Difference Makers, 2: The Greatest Englishman of the 19th Century

If asked who the greatest citizen of your homeland is or was for a given century or period, how would you pick such a person?  Would you automatically exclude some people on the basis of gender, political affiliation, or religious affiliation, for example?  Would certain sorts of life-time achievements place some individuals at the head of your list of candidates?  Would such indicative achievements be in politics, social and economic reform, generation of wealth and economic growth, or artistic and entertainment inspiration?

I suspect that few Englishmen alive today, let alone over the last century, would (have) pick(ed) the person selected by the leading figures of British society and life at the end of the nineteenth century for greatest English/British person of their century.  It is likely that many 21st Century British would barely recognize his name, let alone why he was so honoured, both at the time of his death in 1833 and why he was still so remembered and honoured half a century and more later.  Here in Canada and elsewhere in the West, outside of some narrow circles this man’s recognition factor would be close to zero.  We have made ourselves abysmally parochial despite our ready access to vast quantities of (mis)information which is 99+% of no consequence in making better people of ourselves.

Here is my question for you: “Have you ever heard of William Wilberforce?”  If so, I commend your historical knowledge.  Next question: “What do you know about his legacy and why he was once and still is considered by some to be the greatest Englishman/British citizen of his time and possible ever?”  Greater than Sir Winston Churchill, recognized as the greatest statesman in the world during the 20th Century?  Greater than revered Queen Victoria, his contemporary for a short time?  Greater than Queen Elizabeth II, our reigning monarch and current “Good Queen Bess”, and the longest reigning monarch in British history?  There are no lack of potential “Great Ones” to put on the candidates’ list.

After all the votes are in, it would most likely come down to Wilberforce and Churchill.  It would be a tight race.  Both of them had an impact far beyond the British Isles, as well as one that has far outlasted their lifetimes. 

Churchill himself called Wilberforce a much greater man than he, and perhaps the greatest Parliamentarian and finest Parliamentary orator in British history.  As vain as he could be at times, Churchill did not think he should even be on the same podium with Wilberforce.  Other great orators of Wilberforce’s own time, including men such as Burke and Fox and the inimitable William Pitt himself, conceded the honours to Wilberforce, who was called “the man with the golden tongue” by his peers.  Even his numerous enemies were spellbound by his “golden tongue and angelic voice”.  Coming from Churchill, the incarnation of the British bulldog spirit and last truly great master of the spoken English word, naming Wilberforce as his Master in the House [of Commons] is high praise indeed.

Historically literate people around the world are likely to know that Wilberforce played some role in ending African slavery globally, and more specifically the African slave trade in the British Empire and, by extension, around the world.  If you know that, you are half-way there.

The second half of his legacy is, to most of us, more obscure if not entirely unknown.  To understand it, you would need to look pretty closely at British society (and, by extension, the society of Britain’s vast empire) in about 1790 and then look as closely again a hundred years later.  Most of us would rather yawn, but, even superficially, the changes would be (and indeed were) staggering.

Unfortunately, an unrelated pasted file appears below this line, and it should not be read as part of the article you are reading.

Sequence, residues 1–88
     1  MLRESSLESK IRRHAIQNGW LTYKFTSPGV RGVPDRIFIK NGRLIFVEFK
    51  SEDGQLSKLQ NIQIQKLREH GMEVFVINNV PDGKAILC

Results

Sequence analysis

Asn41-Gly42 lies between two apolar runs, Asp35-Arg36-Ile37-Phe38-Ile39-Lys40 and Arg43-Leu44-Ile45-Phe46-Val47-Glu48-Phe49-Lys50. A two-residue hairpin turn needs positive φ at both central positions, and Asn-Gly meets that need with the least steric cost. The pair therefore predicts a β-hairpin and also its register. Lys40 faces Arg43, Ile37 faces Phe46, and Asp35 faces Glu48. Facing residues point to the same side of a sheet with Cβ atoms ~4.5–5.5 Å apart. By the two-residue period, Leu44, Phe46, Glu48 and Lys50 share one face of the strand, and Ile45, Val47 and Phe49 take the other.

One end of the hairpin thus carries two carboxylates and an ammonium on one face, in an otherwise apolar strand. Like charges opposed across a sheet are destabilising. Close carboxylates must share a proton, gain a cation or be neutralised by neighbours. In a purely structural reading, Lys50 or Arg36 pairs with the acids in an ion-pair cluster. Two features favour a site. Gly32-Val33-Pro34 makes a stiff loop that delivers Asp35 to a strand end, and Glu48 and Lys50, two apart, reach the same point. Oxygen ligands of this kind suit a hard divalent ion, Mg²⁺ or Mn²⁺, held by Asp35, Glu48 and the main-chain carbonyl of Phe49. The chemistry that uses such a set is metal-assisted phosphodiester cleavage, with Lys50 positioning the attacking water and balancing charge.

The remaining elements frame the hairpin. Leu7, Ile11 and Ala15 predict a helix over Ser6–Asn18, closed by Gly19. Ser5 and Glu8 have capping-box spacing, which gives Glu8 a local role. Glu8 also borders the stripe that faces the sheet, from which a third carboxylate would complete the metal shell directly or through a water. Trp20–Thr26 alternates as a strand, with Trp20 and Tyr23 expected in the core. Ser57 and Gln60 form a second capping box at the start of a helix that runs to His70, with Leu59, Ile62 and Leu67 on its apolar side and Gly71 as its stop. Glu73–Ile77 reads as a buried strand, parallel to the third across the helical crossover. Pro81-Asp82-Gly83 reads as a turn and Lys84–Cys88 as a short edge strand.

The observations we are looking for do not concern Britain’s status as a world super-power or economic prowess.  From end to end of those hundred years, Britain was the acknowledged world super-power and a financial and economic powerhouse.  What we are really looking for is a sea-change, a paradigm shift, in society itself – its general tenor and temperament.  The other notable point is that the United Kingdom was the only major European nation not to undergo violent socio-political revolution or upheaval during all that tumultuous period.  By comparison, France, Britain’s traditional main competitor until Germany knocked it off the pedestal in 1870-71, underwent violent upheavals and governmental and social mayhem in 1789-1815, 1830, 1848-53, and 1870-71.  Germany was not a united nation until 1871, and only became so through three aggressive wars.  Ditto for Italy, 1849-70.

Halévy, a prominent French historian of the 19th Century, fascinated and puzzled by this phenomenon, set out to determine why.  After meticulous research and minute analysis, he boiled it down to the great good fortune of the British to forge a moral and ethical revolution coupled with a gradual social and political revolution that forestalled many of the worst grievances of the underclasses.  He attributed much of the inspiration and leadership for this extraordinary and singular development to a group of British reformers known as the Clapham Sect, whose acknowledged founder and leader was William Wilberforce.  Their foes acidly mocked them as “the Saints” and dubbed them a hypocritical “set of Evangelical fanatics” supposedly in the pocket of the up-and-coming nouveau-riche industrialists and financiers.

As to that charge, there has never been any credible evidence to substantiate it.  Some of them, Wilberforce among them, were wealthy, and a few very wealthy.  But, to a man (and woman) they were what was termed in those days “liberal to a fault” with their money.  Wilberforce never gave away less than half his annual income, and in his bachelor years, his charity sometimes hit the 80-90% bracket.  His best friend and far wealthier Henry Thornton imitated his example. Their profligate generosity was imitated by most of the others.

“The Saints” denied that they were any kind of “sect”.  They accepted with humour the title “Saints”, knowing full well their own and the others’ numerous faults.  As to saintliness, they worked very hard to find and do what they believed to be God’s will.  They were not above being angry and failing to act equitably at times.  But they were also not above asking forgiveness and publicly admitting their wrongs.